On November 24, 1784, future President Zachary Taylor was born in Virginia. Taylor became an unexpected obstacle to slavery’s expansion, until his sudden death in 1850.
On this day in 1863, Abraham Lincoln gave his Gettysburg Address, widely considered one of the greatest speeches in American history. But even today, there are still a few points about the speech that are misunderstood.
On November 6, 1860, voters in the United States went to the polls in an election that ended with Abraham Lincoln as President, in an act that that led to the Civil War. But Lincoln’s actual victory didn’t happen on that day, and his victory wasn’t assured for months.
Today marks the birthday of Ulysses Grant, who played a unique role in American history. Here is a look at a military leader who later became President in one of the nation’s most troubled decades.
On April 15, 1865, President Abraham Lincoln died from his assassin’s wounds. But if John Wilkes Booth’s plot were entirely successful, a little-known senator may have been thrust into the White House for almost a year.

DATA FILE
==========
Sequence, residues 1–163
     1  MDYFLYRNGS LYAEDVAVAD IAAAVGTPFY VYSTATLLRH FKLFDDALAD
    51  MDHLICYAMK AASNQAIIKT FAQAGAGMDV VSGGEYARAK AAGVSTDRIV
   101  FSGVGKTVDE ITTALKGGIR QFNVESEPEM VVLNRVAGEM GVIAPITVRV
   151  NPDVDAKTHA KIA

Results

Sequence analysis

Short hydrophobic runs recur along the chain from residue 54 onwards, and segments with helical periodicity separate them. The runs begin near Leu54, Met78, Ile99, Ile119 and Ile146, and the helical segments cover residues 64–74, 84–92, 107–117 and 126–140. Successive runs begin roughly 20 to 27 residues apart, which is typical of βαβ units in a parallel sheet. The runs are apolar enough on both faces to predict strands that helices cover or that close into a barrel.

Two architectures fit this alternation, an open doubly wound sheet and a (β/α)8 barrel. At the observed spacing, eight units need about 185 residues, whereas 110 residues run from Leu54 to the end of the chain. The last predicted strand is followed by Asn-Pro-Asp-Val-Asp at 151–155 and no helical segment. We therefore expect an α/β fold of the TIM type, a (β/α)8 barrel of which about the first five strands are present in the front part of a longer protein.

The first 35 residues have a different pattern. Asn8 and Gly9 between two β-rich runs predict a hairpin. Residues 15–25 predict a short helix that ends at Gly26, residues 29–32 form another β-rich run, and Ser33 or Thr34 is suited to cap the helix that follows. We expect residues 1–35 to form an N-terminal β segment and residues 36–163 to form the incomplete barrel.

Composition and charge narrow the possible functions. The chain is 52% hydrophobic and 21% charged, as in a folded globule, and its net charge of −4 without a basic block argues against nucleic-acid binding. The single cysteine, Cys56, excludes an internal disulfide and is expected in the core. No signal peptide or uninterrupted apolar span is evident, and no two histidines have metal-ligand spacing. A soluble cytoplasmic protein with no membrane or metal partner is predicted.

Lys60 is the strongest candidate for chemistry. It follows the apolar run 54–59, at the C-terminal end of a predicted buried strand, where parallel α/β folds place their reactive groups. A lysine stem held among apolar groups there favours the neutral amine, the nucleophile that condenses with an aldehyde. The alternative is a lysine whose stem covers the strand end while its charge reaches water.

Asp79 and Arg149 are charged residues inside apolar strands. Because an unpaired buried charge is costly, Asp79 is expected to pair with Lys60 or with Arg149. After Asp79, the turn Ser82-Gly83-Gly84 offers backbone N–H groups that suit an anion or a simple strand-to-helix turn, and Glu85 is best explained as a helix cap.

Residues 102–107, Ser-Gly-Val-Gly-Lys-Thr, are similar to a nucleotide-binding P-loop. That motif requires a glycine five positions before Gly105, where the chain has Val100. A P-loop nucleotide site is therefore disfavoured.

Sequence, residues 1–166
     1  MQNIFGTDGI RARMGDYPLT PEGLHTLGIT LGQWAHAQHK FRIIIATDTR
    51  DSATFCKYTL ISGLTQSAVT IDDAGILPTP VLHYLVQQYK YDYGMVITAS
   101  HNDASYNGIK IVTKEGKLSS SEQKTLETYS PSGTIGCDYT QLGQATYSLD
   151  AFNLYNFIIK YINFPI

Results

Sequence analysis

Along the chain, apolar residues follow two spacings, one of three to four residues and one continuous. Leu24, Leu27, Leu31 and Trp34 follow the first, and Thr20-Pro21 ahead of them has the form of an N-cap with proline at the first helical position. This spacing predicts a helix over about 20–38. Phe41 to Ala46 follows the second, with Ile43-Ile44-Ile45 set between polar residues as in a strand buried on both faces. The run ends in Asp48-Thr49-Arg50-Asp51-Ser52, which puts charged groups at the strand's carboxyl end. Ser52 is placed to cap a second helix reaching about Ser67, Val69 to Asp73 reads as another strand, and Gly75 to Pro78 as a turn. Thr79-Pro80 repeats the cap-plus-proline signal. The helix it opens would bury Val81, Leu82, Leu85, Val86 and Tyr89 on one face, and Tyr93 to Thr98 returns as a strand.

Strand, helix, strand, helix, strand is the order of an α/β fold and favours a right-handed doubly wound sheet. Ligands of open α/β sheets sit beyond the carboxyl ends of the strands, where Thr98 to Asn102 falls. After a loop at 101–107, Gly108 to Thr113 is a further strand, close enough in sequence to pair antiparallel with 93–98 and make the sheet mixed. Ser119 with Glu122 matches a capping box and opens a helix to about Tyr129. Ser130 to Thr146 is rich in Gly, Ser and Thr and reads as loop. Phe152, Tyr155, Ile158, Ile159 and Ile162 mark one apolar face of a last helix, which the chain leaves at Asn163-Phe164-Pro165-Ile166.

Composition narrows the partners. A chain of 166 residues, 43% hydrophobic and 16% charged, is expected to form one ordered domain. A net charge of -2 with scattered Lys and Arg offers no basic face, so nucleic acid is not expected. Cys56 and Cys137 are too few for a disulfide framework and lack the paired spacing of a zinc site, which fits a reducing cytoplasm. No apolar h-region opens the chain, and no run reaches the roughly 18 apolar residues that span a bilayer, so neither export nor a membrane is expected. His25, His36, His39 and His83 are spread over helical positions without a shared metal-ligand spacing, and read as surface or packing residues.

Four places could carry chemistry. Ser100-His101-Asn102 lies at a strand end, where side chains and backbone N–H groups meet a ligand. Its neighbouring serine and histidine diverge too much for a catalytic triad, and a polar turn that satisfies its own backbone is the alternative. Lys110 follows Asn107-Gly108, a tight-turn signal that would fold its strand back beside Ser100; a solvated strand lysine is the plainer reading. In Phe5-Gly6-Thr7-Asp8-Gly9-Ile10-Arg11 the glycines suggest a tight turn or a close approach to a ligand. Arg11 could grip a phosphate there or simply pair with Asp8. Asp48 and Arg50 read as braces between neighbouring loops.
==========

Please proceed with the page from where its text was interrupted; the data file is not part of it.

It was on this day in 1865 that President Abraham Lincoln was shot while watching a play at Ford’s Theater. Lincoln died the next morning, and in the aftermath, some odd facts seemed to pop up.
On this day, Confederate General Robert E. Lee agreed to surrender his Army of Northern Virginia, marking a symbolic end to the Civil War.
On this day in 1793, young inventor Eli Whitney had his U.S. patent for the cotton gin approved, an invention that would definitely have an impact on social and economic conditions that led to the Civil War.
On March 11, 1861, delegates from the newly formed Confederate States of America agreed on their own constitution. And much of it mirrored the Constitution of the United States as it existed at the time.
On March 3, 1820, Congress approved the Missouri compromise, a law that maintained a balance in the Senate between free and slave states. The pact only lasted 34 years, and its elimination was one of the contributing factors that led to the Civil War.